The Normal Heart
"The Normal Heart" was first staged in 1985 at The Public Theater in New York, where it ran for a record-breaking 294 performances. This fiercely polemic play channeled AIDS activist and writer Larry Kramer’s fury, frustration, and despair at the negligence and homophobia of our country’s politicians and public health systems, and the reluctance of the gay community to ruffle authority’s feathers or to challenge its own sexual norms in the face of a killer disease.
When it premiered, the play was hailed in the words of one critic as "a damning indictment of a nation in the middle of an epidemic with its head in the sand." Audiences left the theater outraged and sobbing. As Kramer had intended it to be, "The Normal Heart" was as effective a call to action as any ACT UP street demonstration or sit-in.
Now in revival three decades after the AIDS epidemic first emerged, "The Normal Heart" has lost none of its power. Indeed, ACT’s production, which opened on September 19, provides a fast-paced and riveting performance that feels surprisingly fresh and, sadly, with more than 35 million people dead and many more millions infected across the globe, as relevant today as it ever was.
"The Normal Heart" is largely autobiographical. Ned Weeks, the play’s main character, is a barely disguised stand-in for Kramer. The play opens in the early ’80s, when formerly healthy gay men in New York start showing strange, unexplained symptoms and die within months. In response, Ned starts up an organization in his living room with a group of friends and associates.
While Ned might seem the new organization’s natural leader, he lacks the charisma, good looks, and smooth-talking presence of Bruce Niles (in real life, Paul Popham, who became president of Gay Men’s Health Crisis). Besides, Ned’s style is confrontational and far too direct.
On one hand, Bruce and the organization’s other leaders think Ned is whipping up fear and hysteria in the gay community while trying to put a lid on their sexual freedom. On the other, they don’t like the way he refuses to kowtow to politicians or to take the crumbs they’re offered to keep them quiet.
As the epidemic worsens, the death toll mounts, and New York and national politicians continue to pretend as if nothing is happening, the pressures become unbearable. Inevitably, Bruce’s and Ned’s conflicting styles lead to a showdown. Ned faces multiple losses, not in the least, alienation from his community and the organization he founded.
It was from these losses and the many thousands of obscene and dehumanizing acts suffered by gay men with AIDS that Kramer drew the outrage that pulses through "The Normal Heart."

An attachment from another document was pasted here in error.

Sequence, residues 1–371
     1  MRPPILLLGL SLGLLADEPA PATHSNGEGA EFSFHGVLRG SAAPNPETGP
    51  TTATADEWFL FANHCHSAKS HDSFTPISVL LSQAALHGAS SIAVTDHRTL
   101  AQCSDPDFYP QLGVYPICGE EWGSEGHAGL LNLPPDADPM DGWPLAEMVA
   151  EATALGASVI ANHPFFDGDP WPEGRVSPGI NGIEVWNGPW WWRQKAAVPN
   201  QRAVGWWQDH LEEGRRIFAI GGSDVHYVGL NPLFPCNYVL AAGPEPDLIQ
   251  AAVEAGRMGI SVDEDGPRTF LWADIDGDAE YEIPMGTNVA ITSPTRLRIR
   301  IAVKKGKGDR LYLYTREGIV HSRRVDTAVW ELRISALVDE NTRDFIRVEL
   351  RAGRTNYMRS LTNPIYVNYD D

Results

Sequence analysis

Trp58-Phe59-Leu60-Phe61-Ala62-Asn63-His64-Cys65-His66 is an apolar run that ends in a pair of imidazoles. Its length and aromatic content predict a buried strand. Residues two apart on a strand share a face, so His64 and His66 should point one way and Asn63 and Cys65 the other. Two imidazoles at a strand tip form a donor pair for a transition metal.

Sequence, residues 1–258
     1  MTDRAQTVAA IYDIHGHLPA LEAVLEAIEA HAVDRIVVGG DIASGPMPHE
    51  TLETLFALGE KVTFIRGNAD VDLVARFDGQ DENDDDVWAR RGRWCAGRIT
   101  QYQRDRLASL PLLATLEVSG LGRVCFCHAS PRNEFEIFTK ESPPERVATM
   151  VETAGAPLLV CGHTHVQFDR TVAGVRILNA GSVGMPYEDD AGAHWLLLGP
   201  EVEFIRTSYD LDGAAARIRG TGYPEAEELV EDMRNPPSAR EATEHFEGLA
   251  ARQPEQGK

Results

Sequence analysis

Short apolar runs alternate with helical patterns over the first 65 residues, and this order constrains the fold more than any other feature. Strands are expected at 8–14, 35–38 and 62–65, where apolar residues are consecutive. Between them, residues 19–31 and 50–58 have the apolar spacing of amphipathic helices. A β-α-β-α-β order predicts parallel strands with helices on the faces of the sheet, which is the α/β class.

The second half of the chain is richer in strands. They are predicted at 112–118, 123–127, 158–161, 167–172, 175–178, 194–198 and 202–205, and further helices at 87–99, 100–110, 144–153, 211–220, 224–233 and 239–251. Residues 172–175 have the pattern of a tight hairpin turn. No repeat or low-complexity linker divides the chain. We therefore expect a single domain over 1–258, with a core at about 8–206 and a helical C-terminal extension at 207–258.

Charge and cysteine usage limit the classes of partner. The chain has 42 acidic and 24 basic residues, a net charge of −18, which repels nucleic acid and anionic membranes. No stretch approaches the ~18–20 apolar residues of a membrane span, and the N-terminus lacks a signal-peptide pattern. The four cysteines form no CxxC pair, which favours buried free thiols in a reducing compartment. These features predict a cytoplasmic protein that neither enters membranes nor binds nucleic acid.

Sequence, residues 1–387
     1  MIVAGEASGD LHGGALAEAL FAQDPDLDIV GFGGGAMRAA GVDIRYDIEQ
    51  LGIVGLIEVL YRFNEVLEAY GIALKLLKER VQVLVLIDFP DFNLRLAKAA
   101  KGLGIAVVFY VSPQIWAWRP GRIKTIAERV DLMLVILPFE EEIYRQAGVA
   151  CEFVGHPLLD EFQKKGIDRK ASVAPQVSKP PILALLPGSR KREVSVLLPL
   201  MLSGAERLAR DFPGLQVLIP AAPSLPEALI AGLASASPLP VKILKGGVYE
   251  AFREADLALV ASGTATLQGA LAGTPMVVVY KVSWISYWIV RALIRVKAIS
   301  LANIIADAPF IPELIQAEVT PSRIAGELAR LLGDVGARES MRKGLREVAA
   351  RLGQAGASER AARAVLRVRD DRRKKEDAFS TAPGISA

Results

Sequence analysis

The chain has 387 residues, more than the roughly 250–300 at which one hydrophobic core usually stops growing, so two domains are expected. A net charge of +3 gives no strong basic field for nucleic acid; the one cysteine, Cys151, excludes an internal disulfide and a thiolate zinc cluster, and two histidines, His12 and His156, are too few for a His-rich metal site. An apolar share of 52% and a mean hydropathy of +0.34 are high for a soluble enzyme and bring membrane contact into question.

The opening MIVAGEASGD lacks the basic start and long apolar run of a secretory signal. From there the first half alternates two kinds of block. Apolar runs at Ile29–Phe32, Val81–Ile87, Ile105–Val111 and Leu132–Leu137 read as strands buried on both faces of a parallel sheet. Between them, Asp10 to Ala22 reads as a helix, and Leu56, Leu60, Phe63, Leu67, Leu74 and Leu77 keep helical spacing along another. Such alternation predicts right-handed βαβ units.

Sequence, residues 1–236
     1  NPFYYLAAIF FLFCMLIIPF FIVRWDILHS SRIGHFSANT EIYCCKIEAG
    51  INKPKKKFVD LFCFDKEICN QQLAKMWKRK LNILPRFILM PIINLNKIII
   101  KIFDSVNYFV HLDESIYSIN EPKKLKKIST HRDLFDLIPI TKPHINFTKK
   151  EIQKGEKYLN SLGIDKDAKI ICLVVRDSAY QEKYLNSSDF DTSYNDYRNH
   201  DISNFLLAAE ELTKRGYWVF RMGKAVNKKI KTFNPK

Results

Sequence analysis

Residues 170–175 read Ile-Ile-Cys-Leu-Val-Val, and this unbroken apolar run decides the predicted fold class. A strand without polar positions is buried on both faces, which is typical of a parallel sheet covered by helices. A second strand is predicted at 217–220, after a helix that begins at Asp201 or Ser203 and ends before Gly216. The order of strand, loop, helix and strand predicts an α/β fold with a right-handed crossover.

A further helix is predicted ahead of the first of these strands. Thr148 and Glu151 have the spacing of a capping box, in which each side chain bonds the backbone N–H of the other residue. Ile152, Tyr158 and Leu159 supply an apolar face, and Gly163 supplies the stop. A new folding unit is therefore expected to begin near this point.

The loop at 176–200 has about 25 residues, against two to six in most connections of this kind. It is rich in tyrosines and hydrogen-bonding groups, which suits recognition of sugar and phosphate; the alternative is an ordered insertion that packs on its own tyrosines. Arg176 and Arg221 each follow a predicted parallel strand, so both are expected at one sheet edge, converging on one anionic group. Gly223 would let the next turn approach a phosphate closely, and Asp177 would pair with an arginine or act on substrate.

In ACT’s staging, deftly directed by George Wolfe, the sparse and starkly lit sets (created by David Rockwell) etched, like a grave or a tomb, amplify this outrage. Martin Pakledinaz’s costumes echo the bleakness -- with the exception of a few small swatches of color, this is a world that’s been turned to shades of gray.
This dreary and austere backdrop also magnifies the vibrant performances. Patrick Breen gives us a nuanced Ned whose self-consciousness and self-deprecating humor rescue him from shrillness. And Breen brings greater depth to Kramer’s exceptionally didactic script by allowing the audience to fully experience Ned’s yearning for his brother’s (withheld) acceptance and his aching need for a life partner.
As that life partner, Felix, a self-confident but closeted writer at The New York Times, Matt McGrath delivers a bravely authentic performance that leaves us convinced of his and Ned’s deep connection, despite their relationship being given relatively short shrift in the script.
Sean Duggan is delightful as the flirtatious Southerner, Tommy Boatwright, whose brave swish masks a deepening despair. Not quite so compelling, but certainly competent is Jordan Baker as Dr. Emma Brookner. Hers is a challenging role in that Dr. Brookner serves largely as the playwright’s mouthpiece for information about AIDS, its mounting threat, and the government and medical community’s neglect.
But Baker’s consistently strident delivery fails to quite elevate her character above a didactic device. Similarly, while Ben Weeks has the looks and build for the handsome Bruce Altman, his restrained performance means we never see beneath that polished surface to gain full insight into the fear that keeps Bruce from stepping out of line.
Yet, what makes ACT’s production exceptional is that it harnesses Kramer’s original fury while also delivering an emotionally powerful but finely tuned work.
After a somewhat weak start, "The Normal Heart" grabs the audience’s attention about halfway through the first act and doesn’t let go until the play’s last, heart-wrenching line.
This is a play that should be seen by everyone -- for the lessons it offers not only about the past, but also about the present. For, after all this time, Kramer’s work speaks eloquently and with deep moral conviction about AIDS and what it means to be a despised minority. For all the changes we have seen in the last 30 years, "The Normal Heart" still contains so much we need to know.